A federal judge on Friday paused a Montana law that bans drag performers from hosting children’s story hours at public libraries and bars “sexually oriented shows” on public property that can be seen by minors.
In his opinion issuing the temporary restraining order, Judge Brian Morris said at least some of the speech regulated by the law has First Amendment protections and warned that the measure “likely will disproportionately harm not only drag performers, but any person who falls outside traditional gender and identity norms.”
The order prohibits Montana’s Republican Attorney General Austin Knudsen from enforcing the measure, which is among other restrictive laws targeting drag performers enacted in GOP-led states, while the court considers whether to issue a longer lasting preliminary injunction.
Montana Pride asked the judge earlier this month for an immediate order because the city of Helena had denied its request for a permit for its events, some of which include drag performers, that are scheduled to start Sunday. The city, according to the order, supports the organization’s application, but fears legal liability.
Noting that Montana Pride has been around for three decades, Morris said, “Nothing in the record currently before the Court indicates that speech and expression associated with Montana Pride has harmed minors or any other community members.”
Montana Pride organizers responded on Facebook Friday, saying, “In case you were wondering, EVERY EVENT IS HAPPENING!!”
Knudsen’s spokesperson, Emily Flower, told CNN in a statement Friday, “We look forward to presenting our written response and full argument at the upcoming preliminary injunction hearing to defend the law and protect minors from sexually oriented performances.”
Signed into law by Republican Gov. Greg Gianforte in May, House Bill 359 keeps children from attending “sexually oriented shows.” These events include so-called drag story hours, which the law defines as events hosted “by a drag queen or drag king who reads children’s books and engages in other learning activities with minor children present.”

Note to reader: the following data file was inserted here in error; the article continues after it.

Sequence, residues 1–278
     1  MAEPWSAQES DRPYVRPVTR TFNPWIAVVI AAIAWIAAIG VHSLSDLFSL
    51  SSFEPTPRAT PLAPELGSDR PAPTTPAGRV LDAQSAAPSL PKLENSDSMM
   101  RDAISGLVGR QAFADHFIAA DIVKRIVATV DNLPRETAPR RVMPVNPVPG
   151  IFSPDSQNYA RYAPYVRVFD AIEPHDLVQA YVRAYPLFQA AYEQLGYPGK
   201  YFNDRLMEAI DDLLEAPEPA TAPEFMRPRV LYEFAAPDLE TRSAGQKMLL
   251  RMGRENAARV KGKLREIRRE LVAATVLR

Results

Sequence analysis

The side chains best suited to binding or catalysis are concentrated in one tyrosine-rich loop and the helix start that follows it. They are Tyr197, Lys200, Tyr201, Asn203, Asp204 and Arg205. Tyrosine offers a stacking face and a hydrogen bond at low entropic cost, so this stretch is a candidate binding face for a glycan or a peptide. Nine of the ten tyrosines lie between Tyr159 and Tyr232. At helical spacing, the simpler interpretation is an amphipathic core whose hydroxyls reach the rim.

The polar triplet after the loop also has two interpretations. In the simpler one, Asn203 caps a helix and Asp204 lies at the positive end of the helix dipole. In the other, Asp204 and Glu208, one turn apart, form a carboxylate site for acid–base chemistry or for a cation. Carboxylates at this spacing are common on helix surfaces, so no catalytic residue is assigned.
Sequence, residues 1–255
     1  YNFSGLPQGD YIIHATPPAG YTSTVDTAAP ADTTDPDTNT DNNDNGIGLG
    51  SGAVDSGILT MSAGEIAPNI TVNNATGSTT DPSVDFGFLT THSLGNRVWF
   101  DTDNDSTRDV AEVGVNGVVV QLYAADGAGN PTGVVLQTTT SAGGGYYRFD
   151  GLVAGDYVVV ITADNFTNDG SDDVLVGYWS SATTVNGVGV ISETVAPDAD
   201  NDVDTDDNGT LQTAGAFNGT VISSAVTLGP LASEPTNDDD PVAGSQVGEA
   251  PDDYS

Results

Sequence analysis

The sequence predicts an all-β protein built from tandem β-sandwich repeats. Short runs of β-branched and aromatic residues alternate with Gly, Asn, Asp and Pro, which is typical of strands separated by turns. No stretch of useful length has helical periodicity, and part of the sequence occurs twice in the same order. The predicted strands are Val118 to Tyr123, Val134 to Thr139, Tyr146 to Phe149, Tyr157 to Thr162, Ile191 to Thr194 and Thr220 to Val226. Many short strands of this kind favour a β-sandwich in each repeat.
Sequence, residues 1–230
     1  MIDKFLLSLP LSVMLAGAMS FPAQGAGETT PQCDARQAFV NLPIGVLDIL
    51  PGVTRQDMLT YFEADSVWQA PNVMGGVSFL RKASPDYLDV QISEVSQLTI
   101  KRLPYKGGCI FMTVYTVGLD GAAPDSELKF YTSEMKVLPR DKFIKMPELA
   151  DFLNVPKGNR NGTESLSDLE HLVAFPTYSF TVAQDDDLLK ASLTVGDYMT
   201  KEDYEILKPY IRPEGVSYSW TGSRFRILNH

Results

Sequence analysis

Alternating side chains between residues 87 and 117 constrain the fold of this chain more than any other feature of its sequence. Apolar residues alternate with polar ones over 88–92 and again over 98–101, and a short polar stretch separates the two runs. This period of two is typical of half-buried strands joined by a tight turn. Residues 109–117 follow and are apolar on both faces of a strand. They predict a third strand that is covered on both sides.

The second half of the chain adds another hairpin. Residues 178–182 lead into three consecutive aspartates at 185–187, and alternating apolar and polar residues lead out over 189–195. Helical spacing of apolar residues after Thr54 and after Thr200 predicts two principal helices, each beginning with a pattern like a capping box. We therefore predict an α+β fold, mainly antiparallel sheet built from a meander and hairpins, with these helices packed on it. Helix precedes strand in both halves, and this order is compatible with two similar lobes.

The measure also bans public “sexually oriented performances” – including any involving “removal or simulated removal of clothing in a sexual manner” – seen by people under the age of 18.
Other plaintiffs in the case include a transgender indigenous author, Adria Jawort, who said a talk she was scheduled to give at a public library in Butte-Silver Bow last month was canceled because the librarian informed her, “It is too much of a legal risk to have a transgendered person in the library.”
Two independent movie theaters joined the suit, claiming that the law could be interpreted to prohibit them from showing films that contain “sexually oriented performances,” since even R-rated films can be legally seen by 17-year-olds and younger minors, if accompanied by parents. Both theaters are subject to the new law since they receive state funds.
CNN reached out for comment Friday to attorneys for other defendants in the case, including the chief executive of Butte-Silver Bow and the City of Helena.
While other laws clamping down on drag performances sailed through GOP-led state legislatures this year, they quickly met legal opposition.
In June, a federal judge temporarily blocked a Florida state law that opponents claim targets drag shows. That measure allows Gov. Ron DeSantis’ administration to take away licenses from establishments if they allow children into an “adult live performance.” That same month, a federal judge ruled that a Tennessee law limiting the shows represented an “unconstitutional restriction on the freedom of speech.”
CNN’s Jared Formanek, Jennifer Henderson and Shawna Mizelle contributed to this report